In May 2015, the Department of Labor’s (DOL) Employee Benefits Security Administration (EBSA) published a report on its study of the quality of audits of employee benefit plans. The results of this study showed a high degree of deficiency in employee benefit plan audits. In the study, the EBSA selected a statistically valid sample of 400 employee benefit plan audits from a population of 81,162 Form 5500 filings for 2011. The population included 5,500 filings in which an accountant’s report/audit opinion was attached. The EBSA’s study found that 61 percent of the audits fully complied with professional auditing standards or had only minor deficiencies under professional standards. However, 39 percent of the audits contained major deficiencies with respect to one or more relevant Generally Accepted Auditing Standards requirement that would lead to a rejection of a Form 5500 filing.
Considering these findings, what should an employer or plan sponsor do when looking for an auditor for their employee benefit plan?
When searching for a qualified auditor, an employer or plan sponsor should send out a request for proposal (RFP) to several different certified public accounting firms. In the RFP, the employer or plan sponsor should ask for information they will need to evaluate the accounting firm and its qualifications for performing an audit of an employee benefit plan. Such information would include, but is not limited to:
• What experience and training does the auditor have in relation to employee benefit plans and what kind of employee benefit plans do they currently audit or have they audited in the past;
• Has the prospective auditor had a peer review, and if so, what was the nature of the report and any letters of comment and the firm’s responses;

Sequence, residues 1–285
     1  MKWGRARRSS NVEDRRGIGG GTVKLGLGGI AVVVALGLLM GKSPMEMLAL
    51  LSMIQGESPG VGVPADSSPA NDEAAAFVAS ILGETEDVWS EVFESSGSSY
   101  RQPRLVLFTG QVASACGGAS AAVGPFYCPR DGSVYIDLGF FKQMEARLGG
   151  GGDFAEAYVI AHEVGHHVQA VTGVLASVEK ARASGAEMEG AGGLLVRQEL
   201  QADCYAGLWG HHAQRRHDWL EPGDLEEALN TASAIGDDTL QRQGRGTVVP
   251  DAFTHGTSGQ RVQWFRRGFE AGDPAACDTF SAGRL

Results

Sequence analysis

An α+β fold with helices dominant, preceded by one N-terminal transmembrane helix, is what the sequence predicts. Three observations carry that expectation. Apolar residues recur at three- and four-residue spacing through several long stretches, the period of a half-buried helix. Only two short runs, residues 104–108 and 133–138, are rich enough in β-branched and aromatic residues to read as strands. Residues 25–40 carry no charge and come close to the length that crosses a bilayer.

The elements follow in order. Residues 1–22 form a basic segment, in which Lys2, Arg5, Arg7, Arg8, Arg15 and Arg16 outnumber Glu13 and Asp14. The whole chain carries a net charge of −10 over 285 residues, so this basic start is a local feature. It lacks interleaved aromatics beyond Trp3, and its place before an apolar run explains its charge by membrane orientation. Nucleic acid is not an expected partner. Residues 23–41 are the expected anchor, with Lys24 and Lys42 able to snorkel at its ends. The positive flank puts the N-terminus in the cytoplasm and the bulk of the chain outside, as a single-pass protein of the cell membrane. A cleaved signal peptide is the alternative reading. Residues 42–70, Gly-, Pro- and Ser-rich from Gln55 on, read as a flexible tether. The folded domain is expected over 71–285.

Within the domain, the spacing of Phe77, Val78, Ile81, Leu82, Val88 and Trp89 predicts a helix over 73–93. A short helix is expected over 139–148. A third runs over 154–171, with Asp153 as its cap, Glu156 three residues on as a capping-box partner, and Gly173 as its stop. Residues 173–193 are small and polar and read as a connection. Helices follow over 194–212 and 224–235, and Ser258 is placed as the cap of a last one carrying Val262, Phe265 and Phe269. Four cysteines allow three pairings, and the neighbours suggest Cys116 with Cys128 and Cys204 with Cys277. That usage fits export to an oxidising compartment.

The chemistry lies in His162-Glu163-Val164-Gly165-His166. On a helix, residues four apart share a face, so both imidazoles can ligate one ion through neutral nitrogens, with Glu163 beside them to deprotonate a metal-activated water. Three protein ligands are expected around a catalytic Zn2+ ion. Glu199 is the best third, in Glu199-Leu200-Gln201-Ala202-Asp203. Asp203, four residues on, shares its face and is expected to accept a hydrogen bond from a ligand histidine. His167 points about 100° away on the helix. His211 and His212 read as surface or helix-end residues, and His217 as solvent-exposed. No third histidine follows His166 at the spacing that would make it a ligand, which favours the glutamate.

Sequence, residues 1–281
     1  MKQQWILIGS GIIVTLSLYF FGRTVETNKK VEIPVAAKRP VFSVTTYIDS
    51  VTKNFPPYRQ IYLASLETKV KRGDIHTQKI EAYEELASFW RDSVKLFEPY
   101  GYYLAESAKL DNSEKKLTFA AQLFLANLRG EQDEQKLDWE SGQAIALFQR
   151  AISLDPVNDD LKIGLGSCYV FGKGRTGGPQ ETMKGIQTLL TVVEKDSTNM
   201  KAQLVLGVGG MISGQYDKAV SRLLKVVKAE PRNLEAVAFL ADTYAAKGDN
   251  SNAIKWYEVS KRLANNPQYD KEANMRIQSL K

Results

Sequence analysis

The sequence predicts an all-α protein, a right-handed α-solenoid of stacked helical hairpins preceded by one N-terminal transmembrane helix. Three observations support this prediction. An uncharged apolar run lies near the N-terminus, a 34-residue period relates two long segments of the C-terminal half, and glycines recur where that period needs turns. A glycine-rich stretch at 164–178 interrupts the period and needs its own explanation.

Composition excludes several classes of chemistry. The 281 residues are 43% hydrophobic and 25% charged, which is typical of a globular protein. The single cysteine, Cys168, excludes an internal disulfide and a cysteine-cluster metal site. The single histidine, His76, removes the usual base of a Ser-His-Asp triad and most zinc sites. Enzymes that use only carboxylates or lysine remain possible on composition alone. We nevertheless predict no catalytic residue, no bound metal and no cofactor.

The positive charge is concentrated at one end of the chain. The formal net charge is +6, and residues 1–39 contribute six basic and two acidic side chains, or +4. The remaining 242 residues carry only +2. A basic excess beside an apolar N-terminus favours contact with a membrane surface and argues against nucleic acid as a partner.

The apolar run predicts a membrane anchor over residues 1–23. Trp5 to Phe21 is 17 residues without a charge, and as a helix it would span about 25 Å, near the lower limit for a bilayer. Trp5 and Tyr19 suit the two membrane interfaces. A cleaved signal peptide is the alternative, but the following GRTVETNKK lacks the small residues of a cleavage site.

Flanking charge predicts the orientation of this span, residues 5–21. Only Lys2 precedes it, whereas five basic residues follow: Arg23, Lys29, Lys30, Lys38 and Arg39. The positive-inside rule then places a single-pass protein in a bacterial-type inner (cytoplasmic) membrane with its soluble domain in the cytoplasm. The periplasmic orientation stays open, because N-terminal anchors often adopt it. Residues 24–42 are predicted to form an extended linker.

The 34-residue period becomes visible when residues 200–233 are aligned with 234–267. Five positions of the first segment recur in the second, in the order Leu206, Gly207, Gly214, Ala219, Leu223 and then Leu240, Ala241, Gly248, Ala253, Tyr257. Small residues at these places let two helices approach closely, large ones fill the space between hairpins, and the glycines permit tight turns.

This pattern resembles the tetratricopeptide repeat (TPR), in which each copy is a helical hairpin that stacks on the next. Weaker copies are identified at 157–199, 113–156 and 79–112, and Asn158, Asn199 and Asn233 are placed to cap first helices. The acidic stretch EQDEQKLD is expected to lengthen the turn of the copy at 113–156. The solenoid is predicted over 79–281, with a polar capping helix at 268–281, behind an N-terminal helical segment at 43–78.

• What quality controls do they have to ensure a quality audit;
• Which states the firm is licensed;
• Whether the firm meets the independence standards of the AICPA and the DOL;
• Are they members of the AICPA’s Employee Benefit Plan Audit Quality Center;
• Have they been subject to any DOL findings or referrals, or any AICPA or State Society of Ethics referrals;
When selecting an auditor for an employee benefit plan, one should not only look for an auditor with employee benefit plan experience and training, but also for an auditor with experience in auditing your specific type of plan. This is important because an auditor who has audited 401(k) plans might not have the proper training and experience to audit a defined benefit pension plan or a health and welfare plan.
Federal law requires that an auditor be licensed or certified as a public accountant by a state regulatory authority. An employer or plan sponsor may want to consider verifying with the appropriate state regulatory authority that the firm holds a valid, up-to-date license or certificate to perform auditing services. Plan auditors must be independent of the plans they audit as Federal law requires that the plan auditor be independent for purposes of auditing plan financial information and issuing an auditor’s report on the financial statements and schedules required to be contained in the annual report. By making these and other inquires of prospective audit firms and fully evaluating the responses, an employer or plan sponsor can go a long way into ensuring that they receive a quality audit. I95
Weyrich, Cronin & Sorra